MOVE, while an illiberal religion characterized by abrasive rhetoric, is nonetheless an example of the religification of law and the legal system. MOVE activists refused to surrender the court to the state, seeing the legal system as a potential tool against the state, rightly beyond state control.
Trump supporters will not abandon him in the 2020 presidential election. They believe they are doing the will of God, and the theology that God uses sinners to accomplish His purpose now means divine purpose will be fulfilled through the president’s sins.
Could prophetic politics, with its unique emphases, allow us to envision another, possibly less dogmatic and more differentiated form of political theology? Could focusing on the schism between prophetic voice and political institutions reveal a different understanding of political theological concepts, beyond the realm of power and sovereignty?
Rather than understanding political theology as a single school of thought, I seek to define political theology as a more inclusive category by looking at the rich historical resources within each of the Abrahamic religions that help each tradition unpack the complex relationship between the political and theological spheres
The rabbinic formation of the goy involved a whole project of Othering, whose medium and toolkit was provided by halakhic discourse, while its ideology was supplemented by the aggadic midrash, where goy is presented as a conduit for the presence of God in the human world and a sure trace for His steps in history.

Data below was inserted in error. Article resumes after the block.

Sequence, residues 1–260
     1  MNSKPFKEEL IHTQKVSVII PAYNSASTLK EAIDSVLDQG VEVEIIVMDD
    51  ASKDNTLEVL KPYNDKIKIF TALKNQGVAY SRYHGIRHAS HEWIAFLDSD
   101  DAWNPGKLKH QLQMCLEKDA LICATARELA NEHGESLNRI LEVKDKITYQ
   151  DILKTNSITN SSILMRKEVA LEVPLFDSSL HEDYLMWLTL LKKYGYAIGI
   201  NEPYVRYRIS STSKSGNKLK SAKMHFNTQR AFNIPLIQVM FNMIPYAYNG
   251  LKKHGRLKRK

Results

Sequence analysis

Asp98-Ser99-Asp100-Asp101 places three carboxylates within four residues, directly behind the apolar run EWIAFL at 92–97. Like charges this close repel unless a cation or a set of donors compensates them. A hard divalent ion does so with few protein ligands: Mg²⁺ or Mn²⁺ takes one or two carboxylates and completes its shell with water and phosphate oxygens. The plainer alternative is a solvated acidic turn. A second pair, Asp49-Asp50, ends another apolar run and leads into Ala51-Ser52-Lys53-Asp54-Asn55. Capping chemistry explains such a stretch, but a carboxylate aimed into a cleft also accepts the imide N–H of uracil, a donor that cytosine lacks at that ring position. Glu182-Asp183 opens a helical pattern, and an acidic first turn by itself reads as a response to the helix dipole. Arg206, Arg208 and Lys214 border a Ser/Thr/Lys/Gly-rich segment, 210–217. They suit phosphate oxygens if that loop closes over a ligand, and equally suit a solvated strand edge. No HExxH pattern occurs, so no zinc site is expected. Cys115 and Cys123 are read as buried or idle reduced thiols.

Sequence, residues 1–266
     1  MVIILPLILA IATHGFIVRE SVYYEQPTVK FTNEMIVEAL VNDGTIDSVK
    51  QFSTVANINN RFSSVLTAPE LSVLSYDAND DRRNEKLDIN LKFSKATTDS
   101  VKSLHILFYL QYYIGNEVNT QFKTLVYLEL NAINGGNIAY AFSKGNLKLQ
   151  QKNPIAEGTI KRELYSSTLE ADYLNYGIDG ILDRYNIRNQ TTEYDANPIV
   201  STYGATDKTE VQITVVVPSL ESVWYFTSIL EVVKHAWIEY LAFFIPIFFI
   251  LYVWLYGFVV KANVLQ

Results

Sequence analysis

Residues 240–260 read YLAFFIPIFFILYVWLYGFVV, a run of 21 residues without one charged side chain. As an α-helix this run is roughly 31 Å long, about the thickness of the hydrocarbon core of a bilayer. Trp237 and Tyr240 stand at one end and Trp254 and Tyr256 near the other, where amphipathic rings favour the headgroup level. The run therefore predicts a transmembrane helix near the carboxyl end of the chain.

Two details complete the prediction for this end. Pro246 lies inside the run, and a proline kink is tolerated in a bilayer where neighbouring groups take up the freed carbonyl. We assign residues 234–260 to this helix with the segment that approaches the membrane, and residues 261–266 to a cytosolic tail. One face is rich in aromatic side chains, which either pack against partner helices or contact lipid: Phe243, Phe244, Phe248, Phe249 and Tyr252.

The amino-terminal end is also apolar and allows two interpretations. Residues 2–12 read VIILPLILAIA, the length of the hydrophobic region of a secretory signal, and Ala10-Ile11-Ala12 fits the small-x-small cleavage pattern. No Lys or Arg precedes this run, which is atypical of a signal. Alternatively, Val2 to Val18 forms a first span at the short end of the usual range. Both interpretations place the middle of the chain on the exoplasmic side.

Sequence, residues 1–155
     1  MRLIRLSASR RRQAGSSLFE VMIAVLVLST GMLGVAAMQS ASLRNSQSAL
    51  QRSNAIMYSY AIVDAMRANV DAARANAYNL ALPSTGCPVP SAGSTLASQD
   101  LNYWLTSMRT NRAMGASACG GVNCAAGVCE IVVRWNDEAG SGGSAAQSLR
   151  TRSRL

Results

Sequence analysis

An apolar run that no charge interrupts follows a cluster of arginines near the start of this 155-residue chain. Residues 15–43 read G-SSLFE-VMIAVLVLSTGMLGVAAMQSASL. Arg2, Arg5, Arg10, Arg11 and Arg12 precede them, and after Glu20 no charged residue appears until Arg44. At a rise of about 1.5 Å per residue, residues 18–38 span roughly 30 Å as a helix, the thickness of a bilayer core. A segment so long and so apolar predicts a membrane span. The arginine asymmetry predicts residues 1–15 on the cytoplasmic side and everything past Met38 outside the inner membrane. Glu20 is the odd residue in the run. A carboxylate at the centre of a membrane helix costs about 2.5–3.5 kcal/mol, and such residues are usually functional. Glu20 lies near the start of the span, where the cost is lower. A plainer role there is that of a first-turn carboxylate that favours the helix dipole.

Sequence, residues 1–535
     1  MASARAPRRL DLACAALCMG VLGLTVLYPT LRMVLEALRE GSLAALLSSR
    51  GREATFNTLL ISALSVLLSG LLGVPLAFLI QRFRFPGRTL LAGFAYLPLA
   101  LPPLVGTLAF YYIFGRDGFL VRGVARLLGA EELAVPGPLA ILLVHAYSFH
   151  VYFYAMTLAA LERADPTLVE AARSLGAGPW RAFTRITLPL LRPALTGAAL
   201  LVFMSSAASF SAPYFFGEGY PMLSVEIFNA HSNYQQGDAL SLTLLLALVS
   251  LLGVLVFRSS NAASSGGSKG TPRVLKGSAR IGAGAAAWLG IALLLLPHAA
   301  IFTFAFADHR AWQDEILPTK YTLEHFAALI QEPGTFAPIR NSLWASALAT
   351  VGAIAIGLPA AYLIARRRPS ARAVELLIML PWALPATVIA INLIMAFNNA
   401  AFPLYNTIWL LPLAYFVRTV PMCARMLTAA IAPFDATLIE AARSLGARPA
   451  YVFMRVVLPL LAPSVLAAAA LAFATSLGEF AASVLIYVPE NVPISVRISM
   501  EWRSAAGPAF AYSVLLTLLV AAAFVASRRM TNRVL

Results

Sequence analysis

The real scope of the project emerges when its intellectual polemical core is revealed. The book— a fruit of the shared interests of its authors in philology and political theology– is an attempt to mobilize philology in order to unearth the ground of political theology.
Once you see the penis-centric phrase “the uncircumcised”— some version of it appears in many, if not most of the ancient texts in the corpora mentioned in the book— it’s hard not to notice that, however empty a signifier goy may be, it still signifies something about the male body.
Situated on this eschatological middle ground, political theology must reckon with how we live in a time when the kingdom of God is present, creating moments of transformation and rupture…To speak truthfully, political theology must also speak to the quotidian joys and everyday struggles that make up the ordinary time of our lives.